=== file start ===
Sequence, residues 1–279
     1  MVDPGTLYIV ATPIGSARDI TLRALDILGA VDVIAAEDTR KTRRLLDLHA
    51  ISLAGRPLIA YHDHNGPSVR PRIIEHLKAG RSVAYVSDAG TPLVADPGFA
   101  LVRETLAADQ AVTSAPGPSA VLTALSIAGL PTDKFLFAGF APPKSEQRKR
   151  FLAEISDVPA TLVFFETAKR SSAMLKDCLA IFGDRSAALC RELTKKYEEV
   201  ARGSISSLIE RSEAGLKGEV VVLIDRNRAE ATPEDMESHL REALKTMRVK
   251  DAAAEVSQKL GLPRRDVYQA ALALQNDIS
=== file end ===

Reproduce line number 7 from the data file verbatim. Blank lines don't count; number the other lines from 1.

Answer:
   251  DAAAEVSQKL GLPRRDVYQA ALALQNDIS